“I love your logo.”
“You’re so good at social media marketing.”
“That idea is so great!”
“How did you get your website to look so good?”
These are things we love to hear as entrepreneurs, right? And if you are anything like me, you’re the first to share openly and candidly the exact strategies, tools, and resources you’ve found helpful in getting to where you’re at today. We believe in #communityovercompetition, and these discussions help us grow our businesses and tend to be reciprocal in natural. But sadly, there are instances when your colleagues turn into competitors and draw way too much inspiration from the brand you’ve built. And before you know it, your hard work is being duplicated unapologetically and widely.
When I began noticing “my business” in another business, my heart sank! Instantly, I felt like all of my hard work had been copied, from my website to my marketing materials to my social media posting times to the content I created—everything. I even noticed mysterious spikes in the number of their followers on Instagram. (Ahem, buying followers is never a good idea.) Worst of all, they were sneaking into relationships and collaborations I had been building and undercutting my rates. And that’s not even beginning to scratch the surface!
Feeling copied, betrayed, and taken advantage of was no bueno, and honestly, I didn’t know what to do. I spent a few weeks agonizing over how I would approach the culprit (because you have to confront the individual) and protect myself moving forward. Eventually, I realized that I had to radically shift my mindset, keep my head down, and plow through some new short-term goals to strengthen and protect my business in the future.
First things first—shift your mindset!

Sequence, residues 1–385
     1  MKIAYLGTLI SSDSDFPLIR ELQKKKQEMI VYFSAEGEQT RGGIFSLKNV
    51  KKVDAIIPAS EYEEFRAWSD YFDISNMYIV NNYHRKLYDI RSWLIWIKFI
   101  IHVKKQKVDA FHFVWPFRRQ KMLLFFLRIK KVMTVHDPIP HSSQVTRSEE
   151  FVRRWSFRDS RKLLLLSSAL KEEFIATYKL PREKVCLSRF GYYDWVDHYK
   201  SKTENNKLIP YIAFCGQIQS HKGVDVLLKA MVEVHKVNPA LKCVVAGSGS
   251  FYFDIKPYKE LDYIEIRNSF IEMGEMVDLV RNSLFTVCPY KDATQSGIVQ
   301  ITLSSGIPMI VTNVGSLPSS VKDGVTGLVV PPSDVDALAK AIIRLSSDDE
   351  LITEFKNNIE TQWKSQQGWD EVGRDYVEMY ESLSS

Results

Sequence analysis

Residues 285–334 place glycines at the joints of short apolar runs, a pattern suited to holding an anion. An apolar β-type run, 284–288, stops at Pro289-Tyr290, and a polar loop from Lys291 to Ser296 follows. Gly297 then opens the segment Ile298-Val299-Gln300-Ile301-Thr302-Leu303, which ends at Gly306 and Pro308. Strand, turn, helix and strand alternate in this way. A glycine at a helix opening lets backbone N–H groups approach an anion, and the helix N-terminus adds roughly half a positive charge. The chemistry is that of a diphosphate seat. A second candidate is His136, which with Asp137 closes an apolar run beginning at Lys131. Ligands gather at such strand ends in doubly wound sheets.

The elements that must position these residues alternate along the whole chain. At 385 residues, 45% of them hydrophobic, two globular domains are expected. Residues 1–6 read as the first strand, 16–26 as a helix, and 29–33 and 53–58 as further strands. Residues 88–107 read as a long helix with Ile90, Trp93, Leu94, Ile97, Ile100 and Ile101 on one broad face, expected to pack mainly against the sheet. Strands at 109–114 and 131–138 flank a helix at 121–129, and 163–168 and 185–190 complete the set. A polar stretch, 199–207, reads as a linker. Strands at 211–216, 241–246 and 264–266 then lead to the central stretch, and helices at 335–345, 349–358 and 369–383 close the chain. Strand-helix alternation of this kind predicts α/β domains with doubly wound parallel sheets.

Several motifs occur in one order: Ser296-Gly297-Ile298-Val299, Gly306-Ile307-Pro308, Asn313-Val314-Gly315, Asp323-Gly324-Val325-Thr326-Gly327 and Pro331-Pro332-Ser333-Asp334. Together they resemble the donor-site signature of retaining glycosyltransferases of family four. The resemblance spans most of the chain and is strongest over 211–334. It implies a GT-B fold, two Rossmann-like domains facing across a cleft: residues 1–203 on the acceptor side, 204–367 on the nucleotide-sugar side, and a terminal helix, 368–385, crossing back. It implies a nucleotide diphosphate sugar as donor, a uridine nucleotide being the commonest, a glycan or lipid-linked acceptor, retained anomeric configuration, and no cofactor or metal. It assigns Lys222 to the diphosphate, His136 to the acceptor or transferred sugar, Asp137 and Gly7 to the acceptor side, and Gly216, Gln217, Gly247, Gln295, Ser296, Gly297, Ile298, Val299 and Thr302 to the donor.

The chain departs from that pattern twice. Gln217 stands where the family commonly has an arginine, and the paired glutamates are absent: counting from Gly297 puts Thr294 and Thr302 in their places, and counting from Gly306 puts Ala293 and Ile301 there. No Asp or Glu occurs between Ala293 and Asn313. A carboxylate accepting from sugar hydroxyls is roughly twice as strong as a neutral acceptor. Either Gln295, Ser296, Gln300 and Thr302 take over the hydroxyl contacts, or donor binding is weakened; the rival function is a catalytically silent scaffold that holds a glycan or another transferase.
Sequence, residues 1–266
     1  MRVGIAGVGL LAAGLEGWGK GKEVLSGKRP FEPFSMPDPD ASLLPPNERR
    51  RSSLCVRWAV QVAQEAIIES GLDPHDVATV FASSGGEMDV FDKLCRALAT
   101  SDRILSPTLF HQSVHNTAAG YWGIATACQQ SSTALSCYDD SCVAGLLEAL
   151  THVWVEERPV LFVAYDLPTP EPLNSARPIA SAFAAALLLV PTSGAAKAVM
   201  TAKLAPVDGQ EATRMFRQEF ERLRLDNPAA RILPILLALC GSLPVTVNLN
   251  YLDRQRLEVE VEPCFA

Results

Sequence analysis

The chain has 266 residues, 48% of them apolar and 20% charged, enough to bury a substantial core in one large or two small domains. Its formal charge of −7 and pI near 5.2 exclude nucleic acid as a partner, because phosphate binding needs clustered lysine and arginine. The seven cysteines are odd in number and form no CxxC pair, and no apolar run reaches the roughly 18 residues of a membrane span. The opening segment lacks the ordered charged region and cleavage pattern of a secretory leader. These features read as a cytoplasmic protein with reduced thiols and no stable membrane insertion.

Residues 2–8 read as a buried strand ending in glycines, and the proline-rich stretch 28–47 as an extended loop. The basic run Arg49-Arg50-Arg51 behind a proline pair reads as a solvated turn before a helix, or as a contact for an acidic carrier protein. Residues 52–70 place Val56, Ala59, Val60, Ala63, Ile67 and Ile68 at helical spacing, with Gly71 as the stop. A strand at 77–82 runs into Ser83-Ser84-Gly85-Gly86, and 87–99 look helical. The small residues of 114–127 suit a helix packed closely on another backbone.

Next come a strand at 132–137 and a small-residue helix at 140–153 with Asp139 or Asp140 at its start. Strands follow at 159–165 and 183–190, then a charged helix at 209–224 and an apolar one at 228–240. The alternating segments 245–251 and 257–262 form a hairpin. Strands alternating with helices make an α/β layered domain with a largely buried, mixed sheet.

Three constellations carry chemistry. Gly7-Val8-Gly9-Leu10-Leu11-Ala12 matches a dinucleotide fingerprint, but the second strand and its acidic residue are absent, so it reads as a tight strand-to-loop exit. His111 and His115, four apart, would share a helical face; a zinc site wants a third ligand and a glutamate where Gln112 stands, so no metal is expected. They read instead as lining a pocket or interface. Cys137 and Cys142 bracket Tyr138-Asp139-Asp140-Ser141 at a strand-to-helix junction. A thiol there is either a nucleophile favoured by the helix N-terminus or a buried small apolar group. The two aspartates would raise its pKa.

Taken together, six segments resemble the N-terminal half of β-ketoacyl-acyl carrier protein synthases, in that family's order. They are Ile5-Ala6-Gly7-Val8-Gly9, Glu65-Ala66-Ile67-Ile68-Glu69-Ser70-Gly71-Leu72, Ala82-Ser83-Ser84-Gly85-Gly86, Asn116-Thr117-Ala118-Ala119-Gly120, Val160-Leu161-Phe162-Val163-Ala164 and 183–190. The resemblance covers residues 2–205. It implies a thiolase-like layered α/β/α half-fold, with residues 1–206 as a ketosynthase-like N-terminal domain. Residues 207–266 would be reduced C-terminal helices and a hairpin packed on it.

If someone thought so highly of me to copy everything I did, that must mean I am doing something right.
While considering yourself an expert may be a hard mental shift for you to make, once you make it you will never look back. You’ll start to naturally incorporate ways to protect your business into your everyday strategies.
Here’s how I established myself as an expert in my industry—without exposing my business to future plagiarism:
1. I began offering consulting services
I pour so much blood, sweat, and tears (and money) into my business and have made oh-so-many mistakes. Through all these tough experiences, I developed my “trade secrets”—and these deserved to be guarded like the valuable assets that they are.
So now, anyone who seems extremely interested in learning from me can do so, but at a cost. By offering this service, I’ve established myself as an expert and placed value on what I’ve built.
2. I opened an e-commerce shop
I put all my processes, templates, and questionnaires up for sale. Letting anyone to buy access to my business processes will hopefully deter people from copying them in the future. This draws a line between the advice I’m willing to give out for free and the bottom-line-boosting advice that I expect people to pay for—and that’s a win-win situation I feel good about.
3. I upped my professional network game
I needed a place where I could give and receive detailed business advice without fear that someone was going to hawk my idea or copy a promotional graphic. Luckily, these places actually exist in the form of membership- or application- based networks.
So, I invested in small masterminds and paid membership sites, which has been one of the best business decisions to date. I’ve made connections with other committed business owners, and as a bonus, my community sees how I’m invested in it.
One final tip: check your privacy settings on social media and email lists
Fortunately, you can get extremely specific with your privacy settings on all the social media platforms, and you can always control your email lists. Adjusting these settings lets me make sure certain people aren’t privy to certain information that I share without hurting any feelings.